While typically I rule the kitchen and Dave is the Grillmaster, the one thing Dave really rocks on the stove is béarnaise sauce. He has long used a recipe from a beat-up, falling apart Betty Crocker cookbook from the year one, and it is just the most delectable sauce ever to be made. Butter, egg yolks, tarragon, shallots, vinegar…sighhhhh. My sister claims she’d be happy with just a dish of it and a spoon. And a Lipitor chaser.

Sometimes, though, let’s just say Dave has “worked too hard during the day” to take the time to finely mince the shallots, and he ends up cutting them into large dice instead. Which means they don’t soften completely. Which means you wind up with a chunky, crunchy sauce. Which has a decent flavor profile, but not the smooth, creaminess you want in a béarnaise.

Well, this Barefoot recipe ensures that’ll never happen. It’s a blender sauce!

Ina notes that you really need to make traditional béarnaise at the last minute, which can be a pain when you’re entertaining. If you make the sauce too early, it usually winds up breaking (although I know that whisking in a few drops of hot water will often do the trick to repair a separated sauce). The other challenge is to cook the egg yolks ever so gently so they emulsify rather than scramble. To accomplish this, Ina has you cooking the vinegar, shallots and tarragon on the stove, then cooling the mixture slightly and adding it to the yolks that are waiting ever so patiently in the blender. The idea is that the vinegar mixture tempers the yolks, and then you add the hot melted butter through the opening in the top of the blender to “cook” the eggs while whipping and emulsifying the sauce. It also obviously minces the shallots so there’s no danger of a chunky sauce.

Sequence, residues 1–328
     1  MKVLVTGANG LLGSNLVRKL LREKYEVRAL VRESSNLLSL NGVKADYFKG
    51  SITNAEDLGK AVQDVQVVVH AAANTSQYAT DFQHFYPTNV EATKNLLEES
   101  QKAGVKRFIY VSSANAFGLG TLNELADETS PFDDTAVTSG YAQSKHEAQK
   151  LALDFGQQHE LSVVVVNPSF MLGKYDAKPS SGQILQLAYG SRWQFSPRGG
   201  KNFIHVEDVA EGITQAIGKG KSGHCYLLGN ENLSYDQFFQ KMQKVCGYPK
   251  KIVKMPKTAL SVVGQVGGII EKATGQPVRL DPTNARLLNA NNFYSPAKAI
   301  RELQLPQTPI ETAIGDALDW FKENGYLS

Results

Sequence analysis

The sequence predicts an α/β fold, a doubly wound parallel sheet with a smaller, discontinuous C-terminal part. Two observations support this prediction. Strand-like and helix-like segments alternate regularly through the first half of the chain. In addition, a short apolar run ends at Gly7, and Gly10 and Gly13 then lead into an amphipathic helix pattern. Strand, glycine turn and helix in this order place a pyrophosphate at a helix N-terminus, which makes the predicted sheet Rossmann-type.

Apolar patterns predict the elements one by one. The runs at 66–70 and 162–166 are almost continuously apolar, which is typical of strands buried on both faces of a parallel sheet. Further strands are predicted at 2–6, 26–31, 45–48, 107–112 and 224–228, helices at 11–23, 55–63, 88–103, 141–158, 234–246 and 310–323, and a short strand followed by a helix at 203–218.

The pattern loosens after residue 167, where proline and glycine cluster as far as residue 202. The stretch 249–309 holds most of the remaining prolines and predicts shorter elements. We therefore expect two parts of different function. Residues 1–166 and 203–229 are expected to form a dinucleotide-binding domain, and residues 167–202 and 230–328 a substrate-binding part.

In theory, this is a groovy technique. In reality, we needed to dump the liquidy mixture from the blender into a pan over gentle heat and add a few more egg yolks to thicken the sauce. Not sure if the vinegar mixture was too cool, the yolks were too cold or too small, or if the butter wasn’t quite piping enough. A quick and easy fix, though, and I was glad we had some extra eggs in the fridge to toss in.

How did it taste? Scrumptious. Tangy, rich, buttery, creamy, tarragon-y (perhaps my favorite herb). Perfection! We didn’t use the steak part of this recipe, instead we used Ina’s foolproof roasted tenderloin recipe. There’s wasn’t a scrap of meat left from a four-pound tenderloin and only a few spoonfuls of the doubled recipe of sauce remained, which I have saved for my sister, who’s coming to visit this weekend!

Book: Barefoot in Paris

Chefs: David and Andrea

Active time: 10 mins Inactive time: n/a Potchke factor: 2

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